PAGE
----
Financing the Delivery of Contraceptives: The Challenge of the Next Twenty Years

  • Duff G. Gillespie
  • Harry E. Cross
  • John G. Crowley
  • Scott R. Radloff
Part of the Reproductive Biology book series (RBIO)


The developing world has dramatically changed its attitudes and behavior toward fertility in the past 20 years. When the U.S. Agency for International Development (AID) started its program in the mid-1960s, there were perhaps 15 million family planning users in the Third World, excluding the People’s Republic of China.1 Today, there are more than 200 million. Prevalence for all methods has increased during the same period, from 15 percent of married women of reproductive age in the late 1960s to about 40 percent in 1988. These dramatic shifts in behavior have accompanied changes in governmental and donor policies. The perception of governments and donors has been transformed from one of near indifference and inaction 25 years ago to one of intense concern and activity today. In the mid-1960s, donor support for family planning amounted to a few million dollars. Today, that figure exceeds one-half billion dollars. The changing political environment is highlighted by the fact that most developing country governments currently have population policies favoring lower fertility.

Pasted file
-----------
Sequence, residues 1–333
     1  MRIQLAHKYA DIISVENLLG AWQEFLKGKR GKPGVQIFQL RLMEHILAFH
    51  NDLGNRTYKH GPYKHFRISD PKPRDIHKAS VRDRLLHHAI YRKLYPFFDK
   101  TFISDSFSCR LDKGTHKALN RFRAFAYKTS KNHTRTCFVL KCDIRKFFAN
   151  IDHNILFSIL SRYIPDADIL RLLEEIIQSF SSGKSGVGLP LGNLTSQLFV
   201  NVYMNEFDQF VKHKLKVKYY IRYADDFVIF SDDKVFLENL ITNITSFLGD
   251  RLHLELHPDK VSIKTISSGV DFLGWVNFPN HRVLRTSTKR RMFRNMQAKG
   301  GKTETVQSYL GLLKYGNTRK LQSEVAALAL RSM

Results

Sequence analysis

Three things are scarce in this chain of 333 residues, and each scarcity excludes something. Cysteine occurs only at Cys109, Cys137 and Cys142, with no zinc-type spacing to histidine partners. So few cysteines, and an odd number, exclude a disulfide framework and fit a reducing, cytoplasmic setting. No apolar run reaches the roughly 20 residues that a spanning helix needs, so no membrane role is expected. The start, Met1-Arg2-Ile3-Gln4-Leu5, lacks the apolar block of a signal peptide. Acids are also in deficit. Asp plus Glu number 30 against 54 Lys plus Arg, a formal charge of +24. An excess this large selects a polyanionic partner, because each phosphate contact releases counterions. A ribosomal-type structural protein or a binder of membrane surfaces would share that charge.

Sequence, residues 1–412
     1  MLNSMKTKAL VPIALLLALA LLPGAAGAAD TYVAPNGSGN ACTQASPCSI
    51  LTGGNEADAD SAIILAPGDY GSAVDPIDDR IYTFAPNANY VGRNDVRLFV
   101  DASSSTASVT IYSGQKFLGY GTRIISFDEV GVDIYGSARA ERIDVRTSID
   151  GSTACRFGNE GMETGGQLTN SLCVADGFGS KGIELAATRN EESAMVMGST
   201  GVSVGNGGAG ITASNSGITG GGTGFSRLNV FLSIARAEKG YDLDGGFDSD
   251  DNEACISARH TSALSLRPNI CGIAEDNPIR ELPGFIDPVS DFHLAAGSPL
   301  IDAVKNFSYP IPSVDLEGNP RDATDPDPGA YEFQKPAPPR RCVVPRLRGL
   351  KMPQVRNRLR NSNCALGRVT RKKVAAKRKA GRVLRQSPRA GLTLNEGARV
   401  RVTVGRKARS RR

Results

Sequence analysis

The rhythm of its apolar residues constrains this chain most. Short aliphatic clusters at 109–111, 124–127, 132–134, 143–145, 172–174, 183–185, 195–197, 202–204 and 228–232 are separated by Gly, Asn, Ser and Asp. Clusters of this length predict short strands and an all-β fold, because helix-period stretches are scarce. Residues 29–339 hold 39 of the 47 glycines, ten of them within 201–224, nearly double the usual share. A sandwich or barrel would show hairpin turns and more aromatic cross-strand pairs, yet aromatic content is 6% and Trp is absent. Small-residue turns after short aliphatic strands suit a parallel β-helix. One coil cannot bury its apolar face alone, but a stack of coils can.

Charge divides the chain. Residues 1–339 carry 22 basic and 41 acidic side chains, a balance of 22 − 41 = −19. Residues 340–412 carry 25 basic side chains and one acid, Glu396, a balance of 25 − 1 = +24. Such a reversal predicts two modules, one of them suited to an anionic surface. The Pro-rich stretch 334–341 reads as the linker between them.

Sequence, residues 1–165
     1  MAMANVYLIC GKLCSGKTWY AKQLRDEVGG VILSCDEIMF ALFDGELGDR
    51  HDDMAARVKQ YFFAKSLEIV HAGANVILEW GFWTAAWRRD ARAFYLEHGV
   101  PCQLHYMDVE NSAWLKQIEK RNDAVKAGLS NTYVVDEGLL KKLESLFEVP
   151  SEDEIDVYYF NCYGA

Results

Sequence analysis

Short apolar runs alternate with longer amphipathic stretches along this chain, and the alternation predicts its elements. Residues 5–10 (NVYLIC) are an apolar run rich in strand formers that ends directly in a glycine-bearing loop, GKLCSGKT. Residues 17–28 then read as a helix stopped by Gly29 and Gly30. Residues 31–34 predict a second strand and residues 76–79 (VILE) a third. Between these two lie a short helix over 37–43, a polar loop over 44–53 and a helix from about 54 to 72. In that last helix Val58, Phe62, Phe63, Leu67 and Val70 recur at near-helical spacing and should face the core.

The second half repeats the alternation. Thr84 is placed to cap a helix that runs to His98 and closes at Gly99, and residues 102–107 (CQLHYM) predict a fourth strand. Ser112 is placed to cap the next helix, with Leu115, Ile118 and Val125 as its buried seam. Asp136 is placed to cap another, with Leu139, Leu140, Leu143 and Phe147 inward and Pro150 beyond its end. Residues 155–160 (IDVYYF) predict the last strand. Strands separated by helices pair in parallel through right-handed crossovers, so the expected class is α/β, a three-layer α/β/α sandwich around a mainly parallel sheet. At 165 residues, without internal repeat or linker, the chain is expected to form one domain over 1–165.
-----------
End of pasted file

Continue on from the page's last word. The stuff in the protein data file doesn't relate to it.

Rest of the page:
Family Planning Total Fertility Rate Family Planning Service Family Planning Program Contraceptive User 
These keywords were added by machine and not by the authors. This process is experimental and the keywords may be updated as the learning algorithm improves.


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Copyright information

© Plenum Press, New York 1989

Authors and Affiliations

  • Duff G. Gillespie
  • Harry E. Cross
  • John G. Crowley
  • Scott R. Radloff

There are no affiliations available

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